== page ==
Jim Rice beware
Two things that I already believed were reinforced heavily during yesterdays game.
1. Felix Hernandez is awesome.
2. Jose Vidro is ridiculously slow.
I’m not sure what else to say about Felix, so let’s talk about Vidro for a second. During his first at bat, I made the following observation in the game thread after Vidro’s ground ball up the middle turned into a 4-3 putout.
I like how Ellis planted in the hole and got ready to rush an off balance throw, then noticed Vidro was 20 steps from the bag, slowed down, and tossed it across to still get him by 8 feet.
If you go back and watch the replay, it’s really remarkable just how long it took Vidro to get up the line on this play. Ellis took several steps into the hole, planted off his back foot, loaded up to make a hope-it-gets-there heave, and then stopped, because Vidro wasn’t anywhere close to the bag. So, instead, he takes a step forward and lobs the ball to first and it’s still not a close play. I’m pretty sure the scouts in the stands were using sand timers to clock Vidro’s home-to-first time.
During spring training, when all this Vidro-as-#3-hitter stuff started to sprout, I began to think that there was one issue in this whole line-up construction thing that was getting overlooked – Jose Vidro is probably the last person on the team you want hitting with a runner on first base. His combination of heavy groundball tendencies and glacier-like speed is a recipe for a double play.
In 2006, Vidro had a 46.4% Ground Ball percentage. From 2002-2006, his total was 48.6%. Basically, half of his balls in play are worm burners, making him a heavy groundball hitter. A huge majority of the guys who hit that many groundballs are no-power speedsters, and the GB% leaderboard matches up pretty well with the SB leaderboards, as both are populated with the likes of Willy Taveras, Scott Podsednik, Juan Pierre, Carl Crawford, Dave Roberts, and Luis Castillo. Of course, all those guys could run a lap around the outfield before Vidro could make his way down the first base line, and most of them hit at the top of the batting order.
Among heavy groundball hitters, there are a couple who aren’t particularly fast and hit 3rd or 4th ine their respective line-ups. Miguel Tejada had a 51% ground ball rate last year, continuing his career trend of hitting the ball on the ground or over the wall. Joe Mauer had a 49.4% ground ball rate, Lyle Overbay had a 45.8% ground ball rate, and Victor Martinez had a 44% ground ball rate. These guys are all middle of the order hitters, being counted on to drive in runs and sustain rallies, while also being heavy groundball hitters and not running particularly well.
You know who ranked #1 in the the majors in grounding into double plays last year? Miguel Tejada. #2? Victor Martinez. Joe Mauer tied for the #6 spot, while Overbay checked in all the way down at a tie for 14th place. These guys are all varying degrees of good hitter, but their combination of hitting 3rd, having strong groundball tendencies, and being slow runners lead to a lot of double plays.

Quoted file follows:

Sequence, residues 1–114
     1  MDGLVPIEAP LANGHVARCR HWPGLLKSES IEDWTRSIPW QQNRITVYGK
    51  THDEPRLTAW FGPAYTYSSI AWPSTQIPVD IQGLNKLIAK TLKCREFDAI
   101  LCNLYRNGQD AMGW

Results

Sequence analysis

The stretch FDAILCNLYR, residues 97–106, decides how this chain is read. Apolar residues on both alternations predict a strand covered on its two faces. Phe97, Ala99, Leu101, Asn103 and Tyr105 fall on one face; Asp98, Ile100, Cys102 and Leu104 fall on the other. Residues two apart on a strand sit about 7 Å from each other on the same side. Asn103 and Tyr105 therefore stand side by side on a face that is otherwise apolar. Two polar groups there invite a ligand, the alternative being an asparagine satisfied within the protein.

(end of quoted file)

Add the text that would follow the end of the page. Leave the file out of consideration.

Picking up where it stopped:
If Vidro hits 3rd all season against both RHP and LHP, and stays healthy, he should get approximately 150 opportunities to ground into a double play. Ibanez had 144 such opportunities last year, while guys like Mauer and Tejada were up in the 170 range. Ballparking 150 GIDP opportunities should put us within 10 chances or so.
So, let’s see if we can project how many double plays he’ll ground into this year, using his ball in play patterns.
First, let’s remove the plate appearances that have no chance of being a GIDP – walks, strikeouts, and home runs. I’m projecting about a 9% walk rate and a 10% strikeout rate, so we can remove 24 plate appearances right off the top. Given his likely power output, I’ll give him four home runs in double play chances, bringing our total chances down to 122.
That’s 122 balls in play with the double play in order for a guy who is going to put the ball on the ground half the time. Using a 47% groundball rate, that’s 57 ground balls in double play situations. 57!
The major league record for double plays grounded into is 36, set by Jim Rice in 1984. Teams would have to convert 63% of Vidro’s groundballs in double play situations to match that record. That sounds high, at least until you watch Vidro shimmy up the line.
I’m not saying he’s going to break the all-time GIDP record, but if you’re going to bet on a guy to lead the league, he’s the Barbaro of this race. It will be one of those things that doesn’t show up in his OBP or SLG, but will affect the team’s run production. When a guy is this slow and has strong groundball tendencies, he needs to hit the ball over the wall 30 times a year to have any business hitting in the middle of the order. Vidro, obviously, won’t come anywhere near that.
You might want to prepare yourself now, because Jose Vidro is likely to frustrate the hell out of you this year.